n Studies in Economics and Econometrics - Trade and poverty in South Africa : the motor industry development programme

Volume 31, Issue 2
  • ISSN : 0379-6205


There has been substantial trade liberalization in the motor industry over the past decade. Nevertheless, protection remains high and substantial new support has been provided to industry exports.

The slow pace of liberalization has hurt the poor through its effects on vehicle prices, employment and the government budget. High tariffs raise the cost of transport, with adverse effects on the poor who are highly dependent on taxi services for commuting and job search, and on inexpensive vehicles to run small businesses. While protection has saved some jobs and created some new ones in the vehicle and components assembly industries, large subsidies have created few, if any, net new manufacturing jobs and have hindered employment growth in downstream service industries of greater relevance to the poor.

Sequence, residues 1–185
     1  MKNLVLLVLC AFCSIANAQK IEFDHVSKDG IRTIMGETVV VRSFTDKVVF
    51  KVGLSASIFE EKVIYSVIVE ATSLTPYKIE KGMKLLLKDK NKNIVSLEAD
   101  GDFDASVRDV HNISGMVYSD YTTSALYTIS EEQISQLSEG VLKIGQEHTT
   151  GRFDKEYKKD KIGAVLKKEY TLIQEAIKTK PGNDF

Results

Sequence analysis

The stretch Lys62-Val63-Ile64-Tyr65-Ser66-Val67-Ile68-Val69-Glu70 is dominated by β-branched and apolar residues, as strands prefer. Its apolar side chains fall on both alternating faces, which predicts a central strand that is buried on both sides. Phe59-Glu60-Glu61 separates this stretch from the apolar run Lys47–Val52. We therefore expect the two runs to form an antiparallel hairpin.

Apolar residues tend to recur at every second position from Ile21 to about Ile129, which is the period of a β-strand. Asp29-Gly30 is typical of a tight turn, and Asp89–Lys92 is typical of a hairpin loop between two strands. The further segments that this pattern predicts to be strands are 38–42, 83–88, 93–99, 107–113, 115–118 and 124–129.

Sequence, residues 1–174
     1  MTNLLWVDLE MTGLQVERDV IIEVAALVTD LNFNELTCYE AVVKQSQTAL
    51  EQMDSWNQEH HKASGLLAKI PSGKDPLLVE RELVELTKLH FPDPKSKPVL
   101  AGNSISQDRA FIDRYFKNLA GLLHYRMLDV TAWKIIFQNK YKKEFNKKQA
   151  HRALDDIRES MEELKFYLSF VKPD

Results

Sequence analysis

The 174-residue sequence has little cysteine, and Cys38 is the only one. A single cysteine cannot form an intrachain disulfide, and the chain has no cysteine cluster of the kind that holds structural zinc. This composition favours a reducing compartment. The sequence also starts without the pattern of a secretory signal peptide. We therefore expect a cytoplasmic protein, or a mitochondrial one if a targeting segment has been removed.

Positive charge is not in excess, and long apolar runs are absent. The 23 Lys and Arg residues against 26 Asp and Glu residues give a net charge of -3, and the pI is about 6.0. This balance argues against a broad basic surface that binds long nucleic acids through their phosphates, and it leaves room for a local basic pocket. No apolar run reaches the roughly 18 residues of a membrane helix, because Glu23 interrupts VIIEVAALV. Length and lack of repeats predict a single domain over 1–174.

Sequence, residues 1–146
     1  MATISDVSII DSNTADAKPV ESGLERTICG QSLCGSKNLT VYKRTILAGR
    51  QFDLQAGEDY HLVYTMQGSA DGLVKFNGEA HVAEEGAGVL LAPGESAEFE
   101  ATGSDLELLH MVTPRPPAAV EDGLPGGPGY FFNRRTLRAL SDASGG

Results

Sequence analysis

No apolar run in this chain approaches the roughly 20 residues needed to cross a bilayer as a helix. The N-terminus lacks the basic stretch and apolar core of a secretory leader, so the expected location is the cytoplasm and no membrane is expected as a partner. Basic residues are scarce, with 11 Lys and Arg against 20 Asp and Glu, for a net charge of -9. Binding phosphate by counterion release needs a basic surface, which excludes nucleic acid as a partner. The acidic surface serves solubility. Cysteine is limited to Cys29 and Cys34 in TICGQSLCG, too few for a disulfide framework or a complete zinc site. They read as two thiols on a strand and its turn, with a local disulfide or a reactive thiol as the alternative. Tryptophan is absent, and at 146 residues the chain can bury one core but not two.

Budgetary resources used to support this sector could have been used more effectively to help the poor, even after taking account of necessary adjustment assistance needed to help any workers displaced by speedier liberalization.

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